At last, the Board of Supervisors closed a big oil loophole that allowed oil companies like Aera (owned by Shell and Exxon Mobil) to use antiquated permits — sometimes more than 60 years old — without any requirement for environmental review on new wells. Once the Board closed the loophole, any new wells drilled under antiquated permits had to follow the modern laws and processes that all other oil companies have to follow when drilling new wells. 

Big Oil Strikes Back In Ventura

The oil industry wasn’t going to let these new regulations pass easily, so they started to buy their way out of trouble. They poured over a million dollars into media buys and the election of oil-friendly politicians to the Board of Supervisors. They outspent us. But we out-organized them.

Food & Water Action Cal PAC, our sister Political Action Committee, helped elect community and environmental champion Carmen Ramirez to the Board of Supervisors in a decisive 56% to 43% victory, despite Big Oil heavily funding her opponent. The industry responded by throwing more money at their problems while trying to undermine the will of the people.

Big Oil filed seven separate lawsuits against the county of Ventura for passing the general plan with new oil regulations including setbacks and then they started a referendum process to undo the antiquated permit loophole closure.

In California, any citizen can challenge the decision of their local governmental bodies by collecting signatures from 10 percent of the local voting population. Big Oil spent over $600,000 on mercenary signature collectors to stand in front of grocery stores during the biggest surge of COVID-19 in our county. They regurgitated false talking points fed to them by the oil industry and put people’s lives at risk by not wearing masks. Designed as an ordinary citizen’s last resort to undo an unpopular decision, the referendum process was never meant as a way for Big Oil to buy its way out of trouble.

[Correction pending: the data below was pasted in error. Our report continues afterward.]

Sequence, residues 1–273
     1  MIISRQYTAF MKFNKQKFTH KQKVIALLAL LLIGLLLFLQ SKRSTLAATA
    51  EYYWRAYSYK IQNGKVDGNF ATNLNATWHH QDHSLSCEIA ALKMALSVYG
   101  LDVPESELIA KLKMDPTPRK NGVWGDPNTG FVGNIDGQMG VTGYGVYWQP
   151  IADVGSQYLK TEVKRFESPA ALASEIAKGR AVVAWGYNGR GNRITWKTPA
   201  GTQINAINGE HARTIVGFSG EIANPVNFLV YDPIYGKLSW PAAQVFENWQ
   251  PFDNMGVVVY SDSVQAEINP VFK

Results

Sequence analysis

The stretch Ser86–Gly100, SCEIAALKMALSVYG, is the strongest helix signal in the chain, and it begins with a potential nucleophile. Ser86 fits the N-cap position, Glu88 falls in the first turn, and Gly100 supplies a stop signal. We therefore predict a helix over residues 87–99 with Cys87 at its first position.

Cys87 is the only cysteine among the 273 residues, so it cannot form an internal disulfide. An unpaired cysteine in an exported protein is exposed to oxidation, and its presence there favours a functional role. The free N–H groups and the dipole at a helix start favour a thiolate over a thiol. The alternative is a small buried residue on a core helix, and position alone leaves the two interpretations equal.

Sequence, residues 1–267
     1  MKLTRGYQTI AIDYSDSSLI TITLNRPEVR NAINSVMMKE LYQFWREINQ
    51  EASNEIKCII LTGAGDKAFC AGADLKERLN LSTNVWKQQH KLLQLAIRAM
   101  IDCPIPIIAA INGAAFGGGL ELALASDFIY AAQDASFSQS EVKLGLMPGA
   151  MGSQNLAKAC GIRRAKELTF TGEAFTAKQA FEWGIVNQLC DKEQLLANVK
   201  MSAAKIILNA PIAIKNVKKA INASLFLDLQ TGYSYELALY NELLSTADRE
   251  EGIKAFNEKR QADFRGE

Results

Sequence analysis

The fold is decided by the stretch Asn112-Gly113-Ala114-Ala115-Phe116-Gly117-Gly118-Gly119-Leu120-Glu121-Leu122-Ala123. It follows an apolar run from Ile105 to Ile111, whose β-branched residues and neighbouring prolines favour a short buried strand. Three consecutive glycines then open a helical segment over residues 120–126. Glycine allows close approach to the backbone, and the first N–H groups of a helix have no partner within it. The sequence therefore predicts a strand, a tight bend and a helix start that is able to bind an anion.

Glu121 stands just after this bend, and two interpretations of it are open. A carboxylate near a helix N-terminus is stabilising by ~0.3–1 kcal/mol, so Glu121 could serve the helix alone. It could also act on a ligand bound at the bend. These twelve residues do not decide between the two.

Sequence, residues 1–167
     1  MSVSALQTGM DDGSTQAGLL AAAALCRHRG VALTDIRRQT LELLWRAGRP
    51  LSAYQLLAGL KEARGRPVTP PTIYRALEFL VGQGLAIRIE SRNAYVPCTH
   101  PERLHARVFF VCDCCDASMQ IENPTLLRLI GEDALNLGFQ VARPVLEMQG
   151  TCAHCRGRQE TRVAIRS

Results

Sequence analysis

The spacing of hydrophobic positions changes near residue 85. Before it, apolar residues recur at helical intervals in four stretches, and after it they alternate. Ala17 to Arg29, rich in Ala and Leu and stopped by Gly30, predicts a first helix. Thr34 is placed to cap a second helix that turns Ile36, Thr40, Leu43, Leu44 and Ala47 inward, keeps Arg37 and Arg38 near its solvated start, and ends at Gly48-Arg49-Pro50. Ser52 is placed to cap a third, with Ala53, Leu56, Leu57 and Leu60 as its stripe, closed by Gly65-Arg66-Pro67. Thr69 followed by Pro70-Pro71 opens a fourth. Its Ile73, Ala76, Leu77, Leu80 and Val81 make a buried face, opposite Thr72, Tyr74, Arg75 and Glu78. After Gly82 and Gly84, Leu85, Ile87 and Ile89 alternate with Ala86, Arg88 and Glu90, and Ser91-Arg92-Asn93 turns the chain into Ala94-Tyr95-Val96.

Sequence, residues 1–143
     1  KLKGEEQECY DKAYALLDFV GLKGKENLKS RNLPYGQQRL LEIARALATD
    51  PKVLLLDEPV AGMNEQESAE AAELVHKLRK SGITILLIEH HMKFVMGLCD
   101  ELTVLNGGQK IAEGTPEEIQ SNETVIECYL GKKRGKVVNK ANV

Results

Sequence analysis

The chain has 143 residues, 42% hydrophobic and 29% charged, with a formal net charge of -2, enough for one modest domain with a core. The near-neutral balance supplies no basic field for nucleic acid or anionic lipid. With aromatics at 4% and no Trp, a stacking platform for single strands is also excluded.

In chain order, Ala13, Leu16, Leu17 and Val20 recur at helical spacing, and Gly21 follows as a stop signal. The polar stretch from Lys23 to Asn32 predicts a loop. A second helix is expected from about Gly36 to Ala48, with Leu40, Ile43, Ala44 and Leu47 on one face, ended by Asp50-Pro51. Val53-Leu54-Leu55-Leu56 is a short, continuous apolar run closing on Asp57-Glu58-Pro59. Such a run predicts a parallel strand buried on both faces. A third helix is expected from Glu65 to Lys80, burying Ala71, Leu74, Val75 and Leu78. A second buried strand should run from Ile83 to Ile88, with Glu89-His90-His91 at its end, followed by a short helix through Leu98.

We Won’t Back Down and Neither Should Our Elected Officials

The oil industry’s money bought 40,000 signatures. If the county validates them, the Board will have to give Big Oil back their permit to pollute without oversight or put it before the voters during the next “regular election.” In the meantime, the new regulations have been suspended while the count is verified. Oil companies will definitely be using this window to drill as many new oil wells under the old loophole and continue to pollute without oversight.

The Ventura County Board of Supervisors should not be intimidated by Big Oil’s threats of lawsuits, and tactics that put our communities’ lives at risk. They need to investigate the claims of fraudulent information and the carelessness of the oil industry during the signature collecting process. 

If the signatures are verified and if there’s a special election to vote on the oil loopholes, we will be ready to take on this Goliath again with the grassroots power and coalitions we’ve built over the years. They might have the money, but we have the people’s support. The past two years are evidence of just how powerful that can be. 

Tell Ventura County to investigate the dirty tactics Big Oil used to trigger this referendum.

Time to face it —~it’s people or plastics.~We can’t have both.

Become a plastic pollution fighter this Earth~ Day and have your gift MATCHED $3-to-$1!